Modi is using the army as a fig leaf to cover up poor performance
Narendra Modi remains inimitable in at least two respects. The prime minister’s skills are formidable when it comes to making crass comments. Mr Modi is also a master when it comes to deflecting attention from issues that have a bearing on the lives of the people and should, ideally, decide the outcome of elections. Mr Modi’s prodigious talents in these two areas were demonstrated, once again, when he responded to the Congress’s assertion that surgical strikes had taken place even during the reign of the United Progressive Alliance by suggesting that the covert operations must have been conducted in video games. Unfortunately for the prime minister, there would be very few takers for his black humour in this case. By belittling past achievements of the army — an institution that Mr Modi and his Bharatiya Janata Party claim to respect — the prime minister has ended up sullying the image of India’s valiant armed forces. It is not as if India has to rely on the Congress, the BJP’s principal opponent, to believe that the army had resorted to such a strategy when the UPA was in power. The fact has been corroborated by apolitical sources, most recently by a former lieutenant general. It is inconceivable that Mr Modi would be amenable to the idea of giving credit to opponents where it is due. This would demolish one of the founding myths of New India — that all that is good for the welfare of the country, be it surgical strikes, economic progress, or India’s standing in the international community, began after Mr Modi took up India’s reins. Understandably, the India of the Old and, presumably, its military have no place in this twisted narrative.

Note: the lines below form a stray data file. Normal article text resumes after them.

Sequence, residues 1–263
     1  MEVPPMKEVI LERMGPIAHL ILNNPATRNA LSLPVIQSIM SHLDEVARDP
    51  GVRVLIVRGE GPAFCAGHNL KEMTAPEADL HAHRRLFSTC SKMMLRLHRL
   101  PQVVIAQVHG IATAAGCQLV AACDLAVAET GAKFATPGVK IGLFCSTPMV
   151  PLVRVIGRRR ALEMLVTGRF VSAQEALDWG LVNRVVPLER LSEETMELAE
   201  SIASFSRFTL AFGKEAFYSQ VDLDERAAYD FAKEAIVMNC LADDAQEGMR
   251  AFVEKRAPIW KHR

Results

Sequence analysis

The political muckraking over the army is deeply unfortunate. Apart from its prowess, the Indian army is also respected around the world for its firm decision to distance itself from political pulls and pressures. It has honoured one of the fundamental tenets of democracy by remaining neutral. The same cannot be said of the armed forces of two of India’s immediate neighbours. The prime minister remains intent on milking the army’s image to deflect public attention from the monumental failures of his dispensation. The BJP’s poll rhetoric thus relies heavily on achievements — be it the air attack on Balakot or the surgical strikes in 2016 — that are, in fact, the army’s. The prime minister’s inclination to ride piggyback on the army has its own rationale. The army is Mr Modi’s proverbial fig leaf to cover up his less-than-modest performance.